What better time to share my end-of-summer flower photography than in the freezing cold month of January? I began this post back in September but got side-tracked. So now I can post my photos of one of my favorite flowers.
I happen to love the bloom of the Pinky Winky shrub. The flower is so interesting with it’s combination of open and closed petals in colors that range from dark pink to white. The cone shape grows longer and longer as the coloring changes.
This perennial has consistently created the most blooms of all the types I grow. We’ve had a bit of a drought here in the northeastern US over the summer, but the plant never wilts. Bees love the flowers of the Pinky Winky too. For this reason it might be best planted away from sitting areas. I don’t mind bees, but some people like to avoid being near them. I feel good having such a lovely bee-feeder in my yard.
I had a tree fall and get stuck up in neighboring trees and I had to have it taken down for safety reasons. It was near my driveway, and when the guys cut it and pulled it down, it landed partially on my Pinky Winky! A branch broke off, and a few flowers, but otherwise the perennial survived. This poor plant always seems to be in the wrong place.
Now that summer is behind us and we’re in the midst of winter, it’s nice to be reminded of what waits for us in spring. Seeing the first green stems burst through the ground, and early flowering plants like the Lenton Rose, remind us of the big hydrangea blooms to come.
This little pink and white – or cream colored – bouquet of hydrangeas came from a shrub that was planted out near the woods in a house I once owned.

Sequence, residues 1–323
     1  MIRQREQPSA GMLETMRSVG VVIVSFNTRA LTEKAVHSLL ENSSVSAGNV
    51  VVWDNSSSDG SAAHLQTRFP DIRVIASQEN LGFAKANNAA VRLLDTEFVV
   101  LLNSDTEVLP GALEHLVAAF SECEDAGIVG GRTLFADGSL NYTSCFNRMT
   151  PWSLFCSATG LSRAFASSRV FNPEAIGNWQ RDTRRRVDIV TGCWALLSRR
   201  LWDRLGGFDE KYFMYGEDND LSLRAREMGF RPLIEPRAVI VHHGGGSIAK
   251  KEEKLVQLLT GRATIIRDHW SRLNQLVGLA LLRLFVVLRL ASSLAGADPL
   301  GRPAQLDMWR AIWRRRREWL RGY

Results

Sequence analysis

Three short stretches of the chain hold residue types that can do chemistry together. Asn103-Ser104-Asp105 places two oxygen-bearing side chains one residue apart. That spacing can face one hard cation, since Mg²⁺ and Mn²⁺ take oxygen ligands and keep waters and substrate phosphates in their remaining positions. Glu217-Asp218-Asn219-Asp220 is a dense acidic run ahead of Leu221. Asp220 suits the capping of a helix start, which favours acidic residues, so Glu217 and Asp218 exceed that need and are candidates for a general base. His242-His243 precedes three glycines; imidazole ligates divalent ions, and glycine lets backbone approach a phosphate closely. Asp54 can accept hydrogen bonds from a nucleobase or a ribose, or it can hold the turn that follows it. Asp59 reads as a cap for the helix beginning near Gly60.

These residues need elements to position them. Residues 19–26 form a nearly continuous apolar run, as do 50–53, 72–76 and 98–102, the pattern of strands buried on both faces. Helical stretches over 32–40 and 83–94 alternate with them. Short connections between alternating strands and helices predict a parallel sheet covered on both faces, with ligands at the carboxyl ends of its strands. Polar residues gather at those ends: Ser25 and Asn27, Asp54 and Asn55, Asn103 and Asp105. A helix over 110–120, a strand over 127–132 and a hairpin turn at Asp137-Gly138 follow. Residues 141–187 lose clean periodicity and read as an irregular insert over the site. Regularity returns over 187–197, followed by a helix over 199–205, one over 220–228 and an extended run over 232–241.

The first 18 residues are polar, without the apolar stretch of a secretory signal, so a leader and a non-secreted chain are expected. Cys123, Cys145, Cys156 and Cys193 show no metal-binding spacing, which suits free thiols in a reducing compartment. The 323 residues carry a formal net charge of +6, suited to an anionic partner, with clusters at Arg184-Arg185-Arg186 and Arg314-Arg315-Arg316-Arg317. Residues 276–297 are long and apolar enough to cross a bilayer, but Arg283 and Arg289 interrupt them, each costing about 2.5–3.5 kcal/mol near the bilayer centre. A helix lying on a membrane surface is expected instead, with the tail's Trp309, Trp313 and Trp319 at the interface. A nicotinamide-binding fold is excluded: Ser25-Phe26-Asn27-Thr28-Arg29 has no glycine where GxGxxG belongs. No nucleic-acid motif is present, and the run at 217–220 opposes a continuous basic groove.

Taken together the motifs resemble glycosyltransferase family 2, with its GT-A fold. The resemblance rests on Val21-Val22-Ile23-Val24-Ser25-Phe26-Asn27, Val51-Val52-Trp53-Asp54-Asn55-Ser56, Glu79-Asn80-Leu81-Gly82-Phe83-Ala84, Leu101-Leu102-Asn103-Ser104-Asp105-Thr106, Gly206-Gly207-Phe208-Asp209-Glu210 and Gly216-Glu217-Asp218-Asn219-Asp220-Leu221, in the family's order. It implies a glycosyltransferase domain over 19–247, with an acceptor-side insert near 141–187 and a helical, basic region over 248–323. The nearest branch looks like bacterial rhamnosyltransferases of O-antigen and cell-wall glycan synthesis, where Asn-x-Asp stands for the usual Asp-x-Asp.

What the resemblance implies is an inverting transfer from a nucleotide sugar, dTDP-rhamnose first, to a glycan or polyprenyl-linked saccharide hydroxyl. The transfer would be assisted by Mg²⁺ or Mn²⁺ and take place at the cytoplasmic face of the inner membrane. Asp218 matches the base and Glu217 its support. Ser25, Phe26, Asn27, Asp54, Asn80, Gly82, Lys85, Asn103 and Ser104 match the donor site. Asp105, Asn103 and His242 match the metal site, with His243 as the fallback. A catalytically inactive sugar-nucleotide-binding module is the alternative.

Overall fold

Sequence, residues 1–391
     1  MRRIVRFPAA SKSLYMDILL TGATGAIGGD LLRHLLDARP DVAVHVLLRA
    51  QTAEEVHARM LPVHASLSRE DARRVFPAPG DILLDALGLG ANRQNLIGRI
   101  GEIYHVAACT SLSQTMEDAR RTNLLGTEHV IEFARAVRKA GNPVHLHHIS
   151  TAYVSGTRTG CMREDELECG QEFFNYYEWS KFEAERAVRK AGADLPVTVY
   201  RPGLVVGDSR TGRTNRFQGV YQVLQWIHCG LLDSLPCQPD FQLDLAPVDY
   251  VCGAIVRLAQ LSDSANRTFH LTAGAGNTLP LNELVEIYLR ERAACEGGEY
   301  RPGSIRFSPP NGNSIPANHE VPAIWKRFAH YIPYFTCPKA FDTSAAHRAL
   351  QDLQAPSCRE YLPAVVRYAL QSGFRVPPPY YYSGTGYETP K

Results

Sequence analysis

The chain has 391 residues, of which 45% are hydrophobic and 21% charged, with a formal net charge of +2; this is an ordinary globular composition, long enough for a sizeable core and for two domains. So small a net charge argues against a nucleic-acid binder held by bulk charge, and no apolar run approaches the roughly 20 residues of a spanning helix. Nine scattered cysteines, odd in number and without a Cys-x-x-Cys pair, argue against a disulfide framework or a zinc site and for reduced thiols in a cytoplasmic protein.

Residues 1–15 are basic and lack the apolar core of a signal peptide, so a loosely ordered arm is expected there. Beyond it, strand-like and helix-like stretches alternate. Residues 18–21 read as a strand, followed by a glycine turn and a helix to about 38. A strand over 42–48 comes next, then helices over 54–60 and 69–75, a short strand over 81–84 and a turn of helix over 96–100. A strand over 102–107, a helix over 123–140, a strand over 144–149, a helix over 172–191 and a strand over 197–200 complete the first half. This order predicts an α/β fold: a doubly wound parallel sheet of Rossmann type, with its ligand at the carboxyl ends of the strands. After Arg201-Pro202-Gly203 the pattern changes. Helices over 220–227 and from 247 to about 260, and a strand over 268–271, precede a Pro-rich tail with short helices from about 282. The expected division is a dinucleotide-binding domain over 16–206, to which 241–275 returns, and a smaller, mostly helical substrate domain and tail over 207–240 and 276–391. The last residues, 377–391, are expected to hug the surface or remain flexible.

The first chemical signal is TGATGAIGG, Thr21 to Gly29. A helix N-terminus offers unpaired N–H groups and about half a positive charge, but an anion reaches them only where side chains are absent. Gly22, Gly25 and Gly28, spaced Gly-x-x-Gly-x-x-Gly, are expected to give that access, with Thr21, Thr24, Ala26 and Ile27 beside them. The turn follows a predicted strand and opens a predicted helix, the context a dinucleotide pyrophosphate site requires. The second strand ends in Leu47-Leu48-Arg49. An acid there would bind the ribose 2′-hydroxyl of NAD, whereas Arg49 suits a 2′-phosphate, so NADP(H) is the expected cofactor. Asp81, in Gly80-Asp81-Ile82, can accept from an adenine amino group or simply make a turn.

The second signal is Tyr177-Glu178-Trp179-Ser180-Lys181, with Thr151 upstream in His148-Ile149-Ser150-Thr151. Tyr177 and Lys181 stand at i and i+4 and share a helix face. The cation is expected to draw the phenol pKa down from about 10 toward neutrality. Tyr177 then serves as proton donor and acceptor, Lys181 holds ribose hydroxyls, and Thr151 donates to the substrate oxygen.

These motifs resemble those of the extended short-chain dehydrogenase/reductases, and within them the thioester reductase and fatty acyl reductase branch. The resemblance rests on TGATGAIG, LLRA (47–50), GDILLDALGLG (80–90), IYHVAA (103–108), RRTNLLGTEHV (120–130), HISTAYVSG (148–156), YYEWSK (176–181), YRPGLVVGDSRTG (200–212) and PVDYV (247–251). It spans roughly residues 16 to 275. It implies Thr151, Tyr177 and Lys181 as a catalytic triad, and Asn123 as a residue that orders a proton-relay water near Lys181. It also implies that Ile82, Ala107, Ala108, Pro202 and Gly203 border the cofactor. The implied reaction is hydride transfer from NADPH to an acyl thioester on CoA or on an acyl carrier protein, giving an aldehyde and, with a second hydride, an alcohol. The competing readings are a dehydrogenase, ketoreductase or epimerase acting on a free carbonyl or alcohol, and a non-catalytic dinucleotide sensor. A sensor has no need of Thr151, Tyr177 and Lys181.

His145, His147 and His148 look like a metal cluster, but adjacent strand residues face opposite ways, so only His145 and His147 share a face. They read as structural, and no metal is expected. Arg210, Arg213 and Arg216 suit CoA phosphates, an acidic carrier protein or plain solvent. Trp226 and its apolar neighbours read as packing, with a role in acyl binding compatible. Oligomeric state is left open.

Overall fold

When I first moved to the northeastern U.S. from Florida, I didn’t know much about hydrangeas, or many northern flowering shrubs to be truthful. My new home had some very interesting and beautiful plantings, and I decided to find out what was growing in my yard.
Fortunately my next door neighbor was a big-time gardener himself, and his house was about 200 years old with huge flowering bushes growing all along the side of his yard. He came over and pointed out the Lilacs, hydrangeas and others for me, and between his help and visiting local nurseries, I finally figured out what I had.
The little hydrangea “tree” was (I think) a PeeGee and in the Fall the white flowers turned tan, cream and light mauve pink. So pretty! I cut a few and added them to a little vase and got a photo.
This little shrub was doing quite well neglected and tucked under a pine tree at the edge of the woods, so I might try growing one this year in my new, not-too-sunny, yard.
Although blue hydrangeas are very popular, the pink, white and even green are loved by many. Because of the beauty of these huge blooms they are versatile for decorating for many occasions.
Elegant and sweet, pink and blue flowers border the edges of these baby shower invitations. One was made to use after the baby arrives (left) and has a template line for adding the baby’s name. The other is set up for inviting to a shower before the big event. Each line of text is easy to change because of the templates provided.
A new trend is growing with young couples who no longer wish to know ahead of time if they will have a boy or girl child. I’ve always thought that keeping the gender unknown would make the birth day even more special. What about the famous “It’s a Girl!” or “It’s a Boy!”.. ? Does that even mean anything any longer? I applaud the new parents Continue reading “Pink and Blue Baby Shower Cards”